ISLAMABAD, March 12 (Xinhua) -- Pakistani Taliban on Wednesday said they would abide by their month-long ceasefire and expressed their hope that the government will also stop all actions against the militants.
The Taliban had declared the ceasefire on March 1 to revive the stalled dialogue process between their intermediaries and the government's negotiators.
The unilateral ceasefire was declared after the government dialogue team had refused to hold more talks unless the Taliban stop attacks. The government had also suspended air strikes in Waziristan.
"The Tehrik-e-Taliban Pakistan fully respects the ceasefire's decision," the Taliban spokesman, Shahidulah Shahid said.
Shahid said in a statement that the Taliban have also disowned militant groups like "Ahrar-ul-Hind" and "Jundullah," who had claimed some recent attacks including the suicide bombing at the Islamabad court on March 3 which killed 11 people.
He said the Tehrik-e-Taliban Pakistan (TTP) will make serious efforts to take the dialogue process forward and will not allow any of the Taliban man to violate the ceasefire.
He alleged that many elements in the government are trying to harm the dialogue process, urging the government to control and reprimand them.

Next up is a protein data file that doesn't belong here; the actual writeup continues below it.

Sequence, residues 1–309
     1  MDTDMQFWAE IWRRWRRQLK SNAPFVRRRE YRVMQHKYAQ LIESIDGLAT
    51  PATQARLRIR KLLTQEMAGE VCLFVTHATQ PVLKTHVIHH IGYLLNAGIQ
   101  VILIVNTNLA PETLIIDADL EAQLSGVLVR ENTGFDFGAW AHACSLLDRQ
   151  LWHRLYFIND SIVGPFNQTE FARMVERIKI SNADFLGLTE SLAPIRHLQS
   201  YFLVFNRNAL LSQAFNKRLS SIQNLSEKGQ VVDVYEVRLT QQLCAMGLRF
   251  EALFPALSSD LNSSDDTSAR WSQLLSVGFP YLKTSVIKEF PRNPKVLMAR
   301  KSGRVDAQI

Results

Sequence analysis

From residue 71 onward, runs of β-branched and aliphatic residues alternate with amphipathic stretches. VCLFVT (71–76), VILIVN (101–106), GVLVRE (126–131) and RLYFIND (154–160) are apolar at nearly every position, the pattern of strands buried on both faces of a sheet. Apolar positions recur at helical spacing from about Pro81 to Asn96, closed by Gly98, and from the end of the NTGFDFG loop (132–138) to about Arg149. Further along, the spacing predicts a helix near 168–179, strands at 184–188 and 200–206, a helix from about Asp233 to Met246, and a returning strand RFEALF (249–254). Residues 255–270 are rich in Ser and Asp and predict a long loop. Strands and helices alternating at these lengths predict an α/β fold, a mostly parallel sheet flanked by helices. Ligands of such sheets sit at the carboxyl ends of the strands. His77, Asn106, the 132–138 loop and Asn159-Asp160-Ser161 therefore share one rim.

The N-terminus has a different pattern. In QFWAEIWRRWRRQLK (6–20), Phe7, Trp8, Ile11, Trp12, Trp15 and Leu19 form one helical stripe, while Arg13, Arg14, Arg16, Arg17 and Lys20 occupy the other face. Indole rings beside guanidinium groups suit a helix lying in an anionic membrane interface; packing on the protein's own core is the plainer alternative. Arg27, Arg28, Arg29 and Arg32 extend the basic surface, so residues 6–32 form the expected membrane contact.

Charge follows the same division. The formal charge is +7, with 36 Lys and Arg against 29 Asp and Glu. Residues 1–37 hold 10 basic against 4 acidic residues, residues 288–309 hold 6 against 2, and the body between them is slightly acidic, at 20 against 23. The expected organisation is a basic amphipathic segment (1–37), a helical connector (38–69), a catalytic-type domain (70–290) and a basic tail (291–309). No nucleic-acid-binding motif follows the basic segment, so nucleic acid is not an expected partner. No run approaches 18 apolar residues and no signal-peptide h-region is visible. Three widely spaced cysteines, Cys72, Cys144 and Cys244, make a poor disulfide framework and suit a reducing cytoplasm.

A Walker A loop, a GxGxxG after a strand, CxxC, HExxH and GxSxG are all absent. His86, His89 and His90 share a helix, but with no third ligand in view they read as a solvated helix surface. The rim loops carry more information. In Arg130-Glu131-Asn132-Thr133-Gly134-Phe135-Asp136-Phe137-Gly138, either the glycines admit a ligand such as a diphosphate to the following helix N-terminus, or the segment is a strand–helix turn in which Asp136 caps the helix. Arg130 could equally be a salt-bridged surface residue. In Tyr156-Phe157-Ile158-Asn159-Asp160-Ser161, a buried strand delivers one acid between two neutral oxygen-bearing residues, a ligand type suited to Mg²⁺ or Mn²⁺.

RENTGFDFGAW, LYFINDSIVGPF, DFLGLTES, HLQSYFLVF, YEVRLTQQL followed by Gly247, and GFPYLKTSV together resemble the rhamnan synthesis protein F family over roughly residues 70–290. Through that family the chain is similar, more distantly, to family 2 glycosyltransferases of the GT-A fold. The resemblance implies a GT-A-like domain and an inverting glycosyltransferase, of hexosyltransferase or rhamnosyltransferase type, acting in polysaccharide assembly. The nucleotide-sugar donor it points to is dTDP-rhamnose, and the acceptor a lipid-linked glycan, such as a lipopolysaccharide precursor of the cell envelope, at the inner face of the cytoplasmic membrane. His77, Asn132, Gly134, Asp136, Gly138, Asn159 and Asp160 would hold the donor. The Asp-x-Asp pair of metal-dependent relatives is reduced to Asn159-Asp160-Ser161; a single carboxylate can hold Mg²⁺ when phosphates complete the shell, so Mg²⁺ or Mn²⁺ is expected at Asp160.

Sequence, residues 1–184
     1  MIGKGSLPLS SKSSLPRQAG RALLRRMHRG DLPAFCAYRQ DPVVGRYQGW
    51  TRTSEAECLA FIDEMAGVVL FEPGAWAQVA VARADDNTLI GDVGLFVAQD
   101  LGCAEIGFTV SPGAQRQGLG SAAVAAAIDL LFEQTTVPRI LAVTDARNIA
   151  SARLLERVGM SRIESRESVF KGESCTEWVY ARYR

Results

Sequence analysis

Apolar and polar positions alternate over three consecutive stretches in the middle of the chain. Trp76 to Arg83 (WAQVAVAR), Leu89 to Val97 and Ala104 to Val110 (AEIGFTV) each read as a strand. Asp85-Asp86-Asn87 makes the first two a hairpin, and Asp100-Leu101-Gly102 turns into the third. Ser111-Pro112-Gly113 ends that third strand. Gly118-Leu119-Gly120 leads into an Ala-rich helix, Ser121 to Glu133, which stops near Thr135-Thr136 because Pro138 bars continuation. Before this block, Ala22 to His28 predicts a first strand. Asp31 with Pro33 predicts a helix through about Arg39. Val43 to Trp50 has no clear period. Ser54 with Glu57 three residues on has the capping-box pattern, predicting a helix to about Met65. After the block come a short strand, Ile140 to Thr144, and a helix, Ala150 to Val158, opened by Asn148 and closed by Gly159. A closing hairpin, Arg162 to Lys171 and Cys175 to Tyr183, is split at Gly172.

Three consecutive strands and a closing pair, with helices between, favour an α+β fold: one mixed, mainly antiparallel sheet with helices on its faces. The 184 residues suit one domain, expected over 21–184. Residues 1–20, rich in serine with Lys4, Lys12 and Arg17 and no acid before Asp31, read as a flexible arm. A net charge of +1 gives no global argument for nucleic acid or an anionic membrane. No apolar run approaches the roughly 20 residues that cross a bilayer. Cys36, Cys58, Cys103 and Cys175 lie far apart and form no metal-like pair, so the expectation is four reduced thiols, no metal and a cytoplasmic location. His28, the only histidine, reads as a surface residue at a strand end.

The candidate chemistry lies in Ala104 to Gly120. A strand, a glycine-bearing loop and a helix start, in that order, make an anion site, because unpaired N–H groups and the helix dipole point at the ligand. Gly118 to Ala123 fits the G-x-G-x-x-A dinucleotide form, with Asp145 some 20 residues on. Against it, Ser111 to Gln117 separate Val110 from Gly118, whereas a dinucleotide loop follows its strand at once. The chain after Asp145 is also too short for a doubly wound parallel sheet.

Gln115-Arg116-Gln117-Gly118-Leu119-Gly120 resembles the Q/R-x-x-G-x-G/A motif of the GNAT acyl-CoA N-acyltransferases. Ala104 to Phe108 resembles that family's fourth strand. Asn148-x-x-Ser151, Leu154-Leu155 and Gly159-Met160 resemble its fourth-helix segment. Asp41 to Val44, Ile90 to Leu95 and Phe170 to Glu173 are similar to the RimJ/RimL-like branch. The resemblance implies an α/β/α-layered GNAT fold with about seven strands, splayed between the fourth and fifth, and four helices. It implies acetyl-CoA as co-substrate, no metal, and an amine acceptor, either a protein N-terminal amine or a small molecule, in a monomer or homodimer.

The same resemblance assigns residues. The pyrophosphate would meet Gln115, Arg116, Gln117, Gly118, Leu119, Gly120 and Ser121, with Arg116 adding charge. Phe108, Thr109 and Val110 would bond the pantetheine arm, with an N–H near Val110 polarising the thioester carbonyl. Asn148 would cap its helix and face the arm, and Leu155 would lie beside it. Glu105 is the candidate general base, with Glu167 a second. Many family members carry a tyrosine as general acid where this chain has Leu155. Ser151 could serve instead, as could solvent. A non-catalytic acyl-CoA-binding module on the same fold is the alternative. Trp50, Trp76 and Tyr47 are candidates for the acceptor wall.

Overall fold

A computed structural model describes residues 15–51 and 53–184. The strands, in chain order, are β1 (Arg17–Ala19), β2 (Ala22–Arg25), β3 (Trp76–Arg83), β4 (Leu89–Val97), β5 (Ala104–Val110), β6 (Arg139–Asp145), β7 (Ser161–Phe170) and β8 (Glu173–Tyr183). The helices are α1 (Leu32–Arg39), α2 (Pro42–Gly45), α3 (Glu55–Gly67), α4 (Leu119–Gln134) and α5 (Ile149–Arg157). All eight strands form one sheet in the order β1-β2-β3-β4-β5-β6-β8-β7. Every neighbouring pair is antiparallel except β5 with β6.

The Taliban spokesman also claimed that "arrests, bombings and raids" on the Taliban are continued which are "violation of the ceasefire" and are affecting the environment for the peace dialogue.
"We expect the government will also take immediate notice and will stop such incidents to take the dialogue process to a successful conclusion," the TTP spokesman said.
The Taliban had also on Tuesday dismissed claims in a recent report that the banned outfit has planned to attack former military President Pervez Musharraf during his high treason trial.
The Interior Ministry had circulated a letter from intelligence agencies saying the Taliban and al-Qaeda militants have planned an assassination attempt on Pervez Musharraf.
According to the letter, a copy of which was also released to the media on Monday, the ministry has warned that the militants have planned to target Musharraf inside or outside the court.
The former president was taken to an army hospital in the first week of January after he "suffered from heart complications," according to his lawyers.